Activate Three Key Longevity PathwaysDecember 2016
By Kris Massey
Pterostilbene is a compound found primarily in blueberries.
It has been the focus of intense longevity research due to its ability to activate three key molecular pathways involved in aging.
What makes pterostilbene unique is how it exhibits its life-extending modes of action.
For example, pterostilbene induces apoptosis (programmed death) in malignant cells.1 Yet it exerts the opposite effect in the cardiovascular system, where it decreases the risk of atherosclerosis by protecting endothelial cells.2
This multipurpose compound also helps prevent the dangerous buildup of cellular waste products that interfere with biological activity throughout the body.
Pterostilbene, a calorie restriction mimetic, is proving itself to be an important workhorse in the fight against aging.
Pterostilbene Mimics Calorie Restriction
One mechanism by which calorie restriction has been shown to beneficially extend lifespan is by “turning on” genes directly related to long-term survival.3 Scientists have been intrigued to find that pterostilbene mimics many of the same broad preventive and therapeutic properties of calorie restriction.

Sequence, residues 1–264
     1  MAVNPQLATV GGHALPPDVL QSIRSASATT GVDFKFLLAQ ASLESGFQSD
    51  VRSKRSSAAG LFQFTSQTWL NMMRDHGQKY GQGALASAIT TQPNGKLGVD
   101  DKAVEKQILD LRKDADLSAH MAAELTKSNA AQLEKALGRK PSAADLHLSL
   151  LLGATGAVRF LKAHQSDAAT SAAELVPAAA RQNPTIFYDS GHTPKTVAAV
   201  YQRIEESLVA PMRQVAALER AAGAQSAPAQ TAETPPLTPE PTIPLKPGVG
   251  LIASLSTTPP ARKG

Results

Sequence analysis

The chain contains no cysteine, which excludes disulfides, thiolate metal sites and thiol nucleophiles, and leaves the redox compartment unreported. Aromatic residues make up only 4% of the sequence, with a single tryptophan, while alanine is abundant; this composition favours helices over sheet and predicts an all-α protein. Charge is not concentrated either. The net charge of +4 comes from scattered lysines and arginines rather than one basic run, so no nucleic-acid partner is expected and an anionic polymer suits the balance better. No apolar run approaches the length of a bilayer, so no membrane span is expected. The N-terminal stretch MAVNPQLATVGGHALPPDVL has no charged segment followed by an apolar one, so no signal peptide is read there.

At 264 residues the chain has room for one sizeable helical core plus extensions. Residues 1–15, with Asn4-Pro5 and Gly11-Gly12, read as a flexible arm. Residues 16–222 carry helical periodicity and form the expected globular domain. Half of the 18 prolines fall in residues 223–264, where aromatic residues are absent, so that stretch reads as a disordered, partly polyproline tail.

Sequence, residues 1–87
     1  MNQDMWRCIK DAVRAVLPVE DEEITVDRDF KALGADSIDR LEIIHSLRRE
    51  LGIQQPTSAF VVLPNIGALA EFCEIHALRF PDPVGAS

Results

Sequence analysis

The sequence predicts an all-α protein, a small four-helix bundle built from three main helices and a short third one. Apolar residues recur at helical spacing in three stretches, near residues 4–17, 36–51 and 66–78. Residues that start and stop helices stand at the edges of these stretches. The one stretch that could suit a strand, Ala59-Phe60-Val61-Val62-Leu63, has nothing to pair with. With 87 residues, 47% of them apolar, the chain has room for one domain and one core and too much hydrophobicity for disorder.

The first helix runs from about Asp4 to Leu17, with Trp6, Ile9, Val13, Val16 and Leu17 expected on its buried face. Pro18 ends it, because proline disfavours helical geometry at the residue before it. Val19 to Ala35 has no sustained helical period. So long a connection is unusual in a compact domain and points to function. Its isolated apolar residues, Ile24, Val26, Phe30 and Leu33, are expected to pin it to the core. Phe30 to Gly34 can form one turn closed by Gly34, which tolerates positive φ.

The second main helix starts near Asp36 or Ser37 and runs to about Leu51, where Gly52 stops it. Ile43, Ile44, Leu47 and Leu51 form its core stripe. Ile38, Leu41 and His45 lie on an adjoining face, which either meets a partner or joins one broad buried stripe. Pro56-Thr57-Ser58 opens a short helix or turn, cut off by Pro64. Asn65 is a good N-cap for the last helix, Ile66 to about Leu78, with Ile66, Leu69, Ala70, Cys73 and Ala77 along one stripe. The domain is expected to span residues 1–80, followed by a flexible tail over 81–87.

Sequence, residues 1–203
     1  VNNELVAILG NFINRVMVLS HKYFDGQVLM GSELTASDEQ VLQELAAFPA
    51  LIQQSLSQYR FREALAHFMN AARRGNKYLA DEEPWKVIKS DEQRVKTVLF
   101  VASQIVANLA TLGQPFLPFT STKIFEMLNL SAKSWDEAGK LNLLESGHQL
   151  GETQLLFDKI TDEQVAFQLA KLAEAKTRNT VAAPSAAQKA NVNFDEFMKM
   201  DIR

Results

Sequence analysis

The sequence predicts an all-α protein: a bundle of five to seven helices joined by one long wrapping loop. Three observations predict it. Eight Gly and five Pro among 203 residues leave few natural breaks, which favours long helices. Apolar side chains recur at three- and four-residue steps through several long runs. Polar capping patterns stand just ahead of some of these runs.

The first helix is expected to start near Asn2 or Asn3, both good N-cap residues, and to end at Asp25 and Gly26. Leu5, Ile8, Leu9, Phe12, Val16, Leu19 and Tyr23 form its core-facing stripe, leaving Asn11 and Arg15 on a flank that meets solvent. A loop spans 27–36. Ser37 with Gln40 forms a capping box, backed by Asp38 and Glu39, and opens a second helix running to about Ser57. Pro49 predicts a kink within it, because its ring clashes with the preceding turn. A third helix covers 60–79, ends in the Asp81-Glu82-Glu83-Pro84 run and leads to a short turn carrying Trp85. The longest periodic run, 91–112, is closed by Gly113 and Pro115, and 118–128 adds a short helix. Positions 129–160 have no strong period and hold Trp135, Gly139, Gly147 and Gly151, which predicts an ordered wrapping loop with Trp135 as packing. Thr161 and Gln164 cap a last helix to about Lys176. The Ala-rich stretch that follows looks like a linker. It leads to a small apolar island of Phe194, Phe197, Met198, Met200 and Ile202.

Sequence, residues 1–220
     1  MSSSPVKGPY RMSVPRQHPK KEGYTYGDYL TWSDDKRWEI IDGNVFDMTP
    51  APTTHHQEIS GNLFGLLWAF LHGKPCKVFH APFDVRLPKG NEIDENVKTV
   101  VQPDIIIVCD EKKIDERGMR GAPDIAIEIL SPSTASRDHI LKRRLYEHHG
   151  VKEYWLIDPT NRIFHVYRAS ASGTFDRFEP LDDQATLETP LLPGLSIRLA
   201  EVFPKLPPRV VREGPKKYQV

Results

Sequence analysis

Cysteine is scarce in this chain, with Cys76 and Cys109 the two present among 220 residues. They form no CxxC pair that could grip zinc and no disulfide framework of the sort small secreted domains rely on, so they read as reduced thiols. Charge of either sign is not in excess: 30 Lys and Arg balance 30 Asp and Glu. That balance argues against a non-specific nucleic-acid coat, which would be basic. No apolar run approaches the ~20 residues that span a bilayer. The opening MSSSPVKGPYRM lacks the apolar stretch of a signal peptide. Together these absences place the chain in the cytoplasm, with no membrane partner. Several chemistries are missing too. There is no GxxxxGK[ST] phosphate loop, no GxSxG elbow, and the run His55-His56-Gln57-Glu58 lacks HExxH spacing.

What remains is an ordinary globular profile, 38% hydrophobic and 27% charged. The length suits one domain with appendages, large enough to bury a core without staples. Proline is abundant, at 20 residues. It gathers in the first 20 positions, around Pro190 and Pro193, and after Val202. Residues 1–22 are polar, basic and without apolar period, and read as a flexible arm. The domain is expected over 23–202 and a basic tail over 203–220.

In fact, pterostilbene impacts multiple antiaging factors involved in cardiovascular,4 hematologic,5 inflammatory,6 metabolic,7 and neurological disorders.8 Preclinical studies suggest that pterostilbene acts as a potent antitumor compound in multiple malignancies.9
One reason why pterostilbene is so effective at promoting longevity is that, similar to calorie restriction, it activates antiaging molecular pathways. And multiple studies confirm pterostilbene’s remarkable antiaging effects.10-15